The French Book Trade database itself, thanks in no small part to the work of Sarah Kattau and Amyas (Henry) Merivale of the Leeds Electronic Text Centre, is a wonder to behold. It was originally comprised of almost 100 rigorously structured tables each containing multiple fields, but over time Amyas (Henry) Merivale and Vincent Hiribarren have succeeded in reducing this number to just 30 by progressive streamlining and integration.
The database tools allow for extensive bibliographical, client and sales information to be entered and is adaptable for several uses. It is envisaged that future projects will extend the range of archives and sources linked to the database. Combined with advanced GIS mapping – credit here largely goes to Vincent Hiribarren – we believe it has the potential to make a considerable contribution to eighteenth-century and global book history.
In due course, the UWS project team aspire to develop a web-based interface through which students and scholars will be able to input their own research data and findings on the production, dissemination or reception of print in eighteenth-century Europe and the Americas. This mixed-source approach will take our dissemination research beyond the archives of the STN and towards an even better understanding of the eighteenth-century and global book trade. It will facilitate deep mapping of the book trade in innovative ways.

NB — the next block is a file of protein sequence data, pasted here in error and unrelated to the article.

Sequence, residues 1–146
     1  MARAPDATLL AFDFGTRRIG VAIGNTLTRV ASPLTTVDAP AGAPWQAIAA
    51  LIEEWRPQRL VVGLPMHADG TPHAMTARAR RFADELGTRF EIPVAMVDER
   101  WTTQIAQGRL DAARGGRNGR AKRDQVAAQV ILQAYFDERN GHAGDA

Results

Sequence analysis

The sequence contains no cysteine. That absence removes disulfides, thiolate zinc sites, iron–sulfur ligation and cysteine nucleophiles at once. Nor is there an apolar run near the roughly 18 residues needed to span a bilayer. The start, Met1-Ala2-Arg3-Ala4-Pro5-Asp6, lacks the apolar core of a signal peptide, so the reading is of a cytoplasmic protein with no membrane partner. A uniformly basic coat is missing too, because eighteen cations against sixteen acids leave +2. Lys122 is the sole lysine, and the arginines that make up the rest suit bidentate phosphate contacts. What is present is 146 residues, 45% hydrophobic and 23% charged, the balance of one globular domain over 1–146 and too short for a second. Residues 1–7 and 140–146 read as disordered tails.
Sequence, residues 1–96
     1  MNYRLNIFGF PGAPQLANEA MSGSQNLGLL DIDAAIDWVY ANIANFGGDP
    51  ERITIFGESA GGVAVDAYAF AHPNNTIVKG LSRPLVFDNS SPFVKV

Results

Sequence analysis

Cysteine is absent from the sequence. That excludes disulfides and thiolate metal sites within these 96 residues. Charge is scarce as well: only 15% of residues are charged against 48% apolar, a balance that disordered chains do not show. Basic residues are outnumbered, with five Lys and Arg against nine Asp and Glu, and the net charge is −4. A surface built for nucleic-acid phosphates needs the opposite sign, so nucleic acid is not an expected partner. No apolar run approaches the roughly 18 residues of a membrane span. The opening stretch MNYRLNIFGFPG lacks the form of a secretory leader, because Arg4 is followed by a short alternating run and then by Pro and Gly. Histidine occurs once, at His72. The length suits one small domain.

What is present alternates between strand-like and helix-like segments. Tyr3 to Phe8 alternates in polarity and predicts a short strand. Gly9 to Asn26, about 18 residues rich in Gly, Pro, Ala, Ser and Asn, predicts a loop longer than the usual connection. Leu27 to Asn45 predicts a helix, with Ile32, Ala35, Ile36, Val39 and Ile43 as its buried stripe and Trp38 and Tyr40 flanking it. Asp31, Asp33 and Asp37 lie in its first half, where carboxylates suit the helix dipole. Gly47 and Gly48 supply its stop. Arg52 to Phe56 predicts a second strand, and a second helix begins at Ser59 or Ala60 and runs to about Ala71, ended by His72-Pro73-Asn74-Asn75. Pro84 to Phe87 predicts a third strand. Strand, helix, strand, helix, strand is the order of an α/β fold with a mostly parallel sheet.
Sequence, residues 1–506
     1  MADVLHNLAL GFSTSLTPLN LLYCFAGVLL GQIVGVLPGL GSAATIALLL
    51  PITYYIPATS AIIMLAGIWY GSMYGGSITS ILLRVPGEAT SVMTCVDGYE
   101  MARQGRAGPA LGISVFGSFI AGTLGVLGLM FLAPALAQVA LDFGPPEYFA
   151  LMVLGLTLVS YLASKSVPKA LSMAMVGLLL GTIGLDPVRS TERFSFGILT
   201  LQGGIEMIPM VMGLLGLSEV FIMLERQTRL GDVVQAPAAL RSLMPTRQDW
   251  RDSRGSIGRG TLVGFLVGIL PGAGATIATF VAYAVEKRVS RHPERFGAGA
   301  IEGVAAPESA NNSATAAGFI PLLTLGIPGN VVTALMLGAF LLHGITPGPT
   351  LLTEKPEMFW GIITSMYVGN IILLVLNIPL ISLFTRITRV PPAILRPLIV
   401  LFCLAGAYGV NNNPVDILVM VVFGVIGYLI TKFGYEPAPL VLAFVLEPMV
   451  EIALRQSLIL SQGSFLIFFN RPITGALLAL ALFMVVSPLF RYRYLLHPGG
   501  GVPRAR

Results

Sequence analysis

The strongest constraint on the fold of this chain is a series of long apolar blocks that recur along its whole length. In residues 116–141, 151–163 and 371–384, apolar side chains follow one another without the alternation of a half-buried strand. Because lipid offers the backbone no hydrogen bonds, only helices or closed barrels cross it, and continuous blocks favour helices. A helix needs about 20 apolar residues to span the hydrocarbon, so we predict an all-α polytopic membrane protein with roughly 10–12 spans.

In the meantime, however, we believe that The French Book Trade (FBTEE) database is ideally suited to many educational uses, even for students whose language abilities are limited to English. For book dissemination studies, there is no comparable resource available, particularly for the eighteenth century. But students of literature, history more generally and enlightenment studies will all find much of interest here.
Beyond other functions listed on this website, teaching uses might include:
- Enlightenment studies:
Almost any study of enlightenment can be enhanced by information on dissemination in the database, whether of particular authors, texts, genres, or subjects. There is also a very large amount of information on professional groups, trade and business networks, while for French speakers the archive offers a starting point for studies of cultural transfers across borders and between cultures and languages. French-speaking students will find the integration of links to editions in Google books and other on-line sources particularly helpful.
- Student-led project assignments:
Any number of free-standing projects on dissemination of individual authors or works, local markets, or particular subject matter are possible. The database particularly lends itself to comparative projects.
- Critiques of existing studies and methodologies:
Existing functionality allow students to interrogate existing studies of the STN, and to compare how the results of demand-led studies, notably in Robert Darnton’s seminal Forbidden Bestsellers of Pre-Revolutionary France, compare with the supply side approach of the database. Why do they produce different results? How closely do the results marry up? What are the advantages and disadvantages of both approaches? Are they measuring different things? What are the implications of any discrepancies? How can the database be used to further interrogate prevailing ideas about the enlightenment or the influence of books in the eighteenth century? What new possibilities does it offer?